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From the ice rink to the research lab

By Eleni Kanavas  •  August 2, 2017

Emma Griese hung up her hockey skates this summer for a chance to work with the neuropsychopharmacology research group at Sunnybrook Research Institute (SRI).

The third-year neuroscience undergraduate student is a competitive athlete on the women’s ice hockey team at Amherst College in Massachusetts, U.S. She was accepted into the D+H SRI Summer Student Research Program under the mentorship of Dr. Krista Lanctôt, a senior scientist in the Hurvitz Brain Sciences Research Program at SRI and co-principal investigator of the neuropsychopharmacology research group. Lanctôt’s research aims to optimize the treatment of neuropsychiatric symptoms caused by disorders like dementia, traumatic brain injury, cerebrovascular disease and stroke.

Griese’s interest in brain disorders grew after her grandmother was diagnosed with Alzheimer’s disease in her first year of university. That summer, she spent several weeks shadowing Dr. Joel Ross, a specialist in Alzheimer’s disease, at the Memory Enhancement Center in New Jersey, U.S. During her placement, she became better acquainted with the science behind Alzheimer’s disease while observing clinical trials, cognitive testing and lab work associated with dementia.

“That got me hooked. The science behind why things happen has always fascinated me. It’s really the passion that I have for wanting to help people, specifically the elderly, who have problems that they are not aware of,” says Griese, who aspires to become a geriatric psychiatrist.

Immersing herself in a clinical research lab for the first time, Griese is working on a substudy of an ongoing clinical trial. The study is a randomized, placebo-controlled, crossover trial investigating the safety and efficacy of nabilone, a synthetic cannabinoid used to treat agitation and aggression in patients with advanced Alzheimer’s disease.

“We are trying to see whether or not nabilone affects agitation or helps [ease] agitation in Alzheimer’s patients because that’s a really big behavioural side effect of the disease that is particularly difficult to handle for caregivers,” she says.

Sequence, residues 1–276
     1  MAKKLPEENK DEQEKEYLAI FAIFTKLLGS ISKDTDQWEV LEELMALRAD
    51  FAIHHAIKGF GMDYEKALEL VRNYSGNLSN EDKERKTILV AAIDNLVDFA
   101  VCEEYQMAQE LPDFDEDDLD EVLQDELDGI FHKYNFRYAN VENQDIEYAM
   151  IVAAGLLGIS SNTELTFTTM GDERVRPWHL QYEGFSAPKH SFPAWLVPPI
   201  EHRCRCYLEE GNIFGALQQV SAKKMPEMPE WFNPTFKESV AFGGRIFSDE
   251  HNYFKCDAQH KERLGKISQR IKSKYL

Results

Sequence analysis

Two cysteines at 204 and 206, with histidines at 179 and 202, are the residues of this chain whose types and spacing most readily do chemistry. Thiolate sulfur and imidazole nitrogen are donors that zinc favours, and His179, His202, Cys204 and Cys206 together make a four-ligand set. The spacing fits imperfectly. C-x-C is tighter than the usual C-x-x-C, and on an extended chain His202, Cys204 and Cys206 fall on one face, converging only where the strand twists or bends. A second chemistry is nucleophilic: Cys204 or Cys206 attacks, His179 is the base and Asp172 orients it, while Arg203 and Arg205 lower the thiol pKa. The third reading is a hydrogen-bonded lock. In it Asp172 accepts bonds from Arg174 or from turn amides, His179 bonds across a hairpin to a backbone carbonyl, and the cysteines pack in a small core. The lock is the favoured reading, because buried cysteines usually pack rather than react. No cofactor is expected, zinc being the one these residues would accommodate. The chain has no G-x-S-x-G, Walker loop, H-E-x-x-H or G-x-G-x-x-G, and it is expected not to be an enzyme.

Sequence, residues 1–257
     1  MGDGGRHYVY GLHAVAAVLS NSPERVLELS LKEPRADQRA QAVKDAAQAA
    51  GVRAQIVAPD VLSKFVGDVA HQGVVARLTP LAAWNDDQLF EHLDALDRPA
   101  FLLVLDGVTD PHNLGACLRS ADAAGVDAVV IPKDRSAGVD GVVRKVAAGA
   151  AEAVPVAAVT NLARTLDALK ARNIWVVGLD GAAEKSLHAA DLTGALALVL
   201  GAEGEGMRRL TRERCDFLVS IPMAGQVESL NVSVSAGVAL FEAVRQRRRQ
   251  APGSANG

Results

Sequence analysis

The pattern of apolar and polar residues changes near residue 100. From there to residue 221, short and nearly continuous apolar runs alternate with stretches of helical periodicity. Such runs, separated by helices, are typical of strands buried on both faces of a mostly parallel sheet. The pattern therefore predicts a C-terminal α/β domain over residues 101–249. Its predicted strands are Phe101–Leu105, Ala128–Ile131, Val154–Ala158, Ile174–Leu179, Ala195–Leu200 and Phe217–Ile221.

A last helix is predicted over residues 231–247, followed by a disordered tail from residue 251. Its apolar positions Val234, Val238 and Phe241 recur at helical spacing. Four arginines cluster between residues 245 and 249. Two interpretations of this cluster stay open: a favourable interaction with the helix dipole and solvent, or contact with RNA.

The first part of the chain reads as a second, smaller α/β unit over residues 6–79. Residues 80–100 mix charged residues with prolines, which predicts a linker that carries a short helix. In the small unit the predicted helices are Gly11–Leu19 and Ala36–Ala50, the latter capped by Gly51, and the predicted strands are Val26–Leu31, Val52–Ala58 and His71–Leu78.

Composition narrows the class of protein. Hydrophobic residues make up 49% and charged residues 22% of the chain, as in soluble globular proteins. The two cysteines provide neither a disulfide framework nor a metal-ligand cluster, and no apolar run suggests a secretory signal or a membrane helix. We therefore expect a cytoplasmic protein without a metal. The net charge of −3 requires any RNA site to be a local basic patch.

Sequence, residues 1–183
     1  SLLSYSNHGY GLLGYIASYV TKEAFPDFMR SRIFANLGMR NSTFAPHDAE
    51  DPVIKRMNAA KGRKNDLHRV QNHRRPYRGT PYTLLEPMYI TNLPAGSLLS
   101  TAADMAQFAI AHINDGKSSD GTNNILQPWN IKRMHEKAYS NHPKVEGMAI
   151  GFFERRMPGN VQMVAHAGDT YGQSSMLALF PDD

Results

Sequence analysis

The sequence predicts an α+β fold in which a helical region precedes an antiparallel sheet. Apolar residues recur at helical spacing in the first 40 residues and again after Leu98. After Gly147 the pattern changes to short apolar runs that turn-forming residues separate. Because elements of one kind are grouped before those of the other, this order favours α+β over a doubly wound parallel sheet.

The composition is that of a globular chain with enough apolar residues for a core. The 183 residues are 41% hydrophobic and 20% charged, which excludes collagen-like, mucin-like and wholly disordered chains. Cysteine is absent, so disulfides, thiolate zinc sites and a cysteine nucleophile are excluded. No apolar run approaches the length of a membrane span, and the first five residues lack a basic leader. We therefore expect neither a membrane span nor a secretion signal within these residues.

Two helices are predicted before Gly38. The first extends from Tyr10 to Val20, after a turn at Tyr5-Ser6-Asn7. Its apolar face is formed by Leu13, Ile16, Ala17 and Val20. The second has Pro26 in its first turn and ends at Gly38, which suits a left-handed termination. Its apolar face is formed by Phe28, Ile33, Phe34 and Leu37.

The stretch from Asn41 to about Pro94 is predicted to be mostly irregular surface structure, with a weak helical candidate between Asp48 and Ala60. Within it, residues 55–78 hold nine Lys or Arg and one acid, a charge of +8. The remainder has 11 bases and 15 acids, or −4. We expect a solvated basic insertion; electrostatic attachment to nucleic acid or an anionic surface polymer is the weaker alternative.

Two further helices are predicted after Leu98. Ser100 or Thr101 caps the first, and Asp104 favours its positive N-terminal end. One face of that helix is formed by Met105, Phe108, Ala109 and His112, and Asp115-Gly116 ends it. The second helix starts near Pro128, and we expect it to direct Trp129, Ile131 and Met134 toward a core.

Agitation is a common symptom in patients with advanced Alzheimer’s disease. It has been associated with decreased quality of life, and increased rates of death, institutionalization and frailty. Because there is no consensus on the definition of agitation and what behaviours should be included in the symptom, it has been difficult to define patient populations for clinical care and research.

The International Psychogeriatric Association aimed to address this need by publishing a set of guidelines known as the International Psychogeriatric Agitation (IPA) criteria. These assist clinicians and researchers in defining agitation in patients with dementia. The IPA criteria define patients as having clinically significant agitation when demonstrating one or more of the following symptoms for a minimum of two weeks: excessive motor activity, physical aggression or verbal aggression.

She is responsible for identifying clinical predictors that include baseline demographics, cognition, behaviour, medication history and medical illness. “I’m tasked with seeing what of those, if any, are predictors of these different forms of agitation,” says Griese, who is using data already collected to categorize patients with these symptoms as defined by the IPA criteria.

The hands-on approach to the project has been an invaluable opportunity, she says. “This experience is helping me gain a better understanding of the pharmacological effects of the drugs that are already used to treat mental illnesses and introduce me to the future of psychiatric medicine,” says Griese, who hopes to attend medical school after graduation.

In September she will return to her studies to complete her final year. She has been named captain of the Amherst College women’s ice hockey team, a position she held formerly for five years with the San Jose Junior Sharks girls’ hockey team. “Being the captain and a role model is really important, especially with a group of younger team mates,” says Griese, who is the oldest player. Having grown up in Guelph, Ont. with three brothers, she started playing hockey at the age of seven. She has stayed committed to the sport despite moving to California, U.S. with her family, and then to Newmarket, Ont. where the family currently resides.

When asked if she would consider playing at the national level, she says, “It’s always been my dream to play on the Canadian Olympic team, but as my interests in academics expanded, I realized there are other fulfilling opportunities to pursue.”

Emma Griese received a D+H Summer Studentship Award.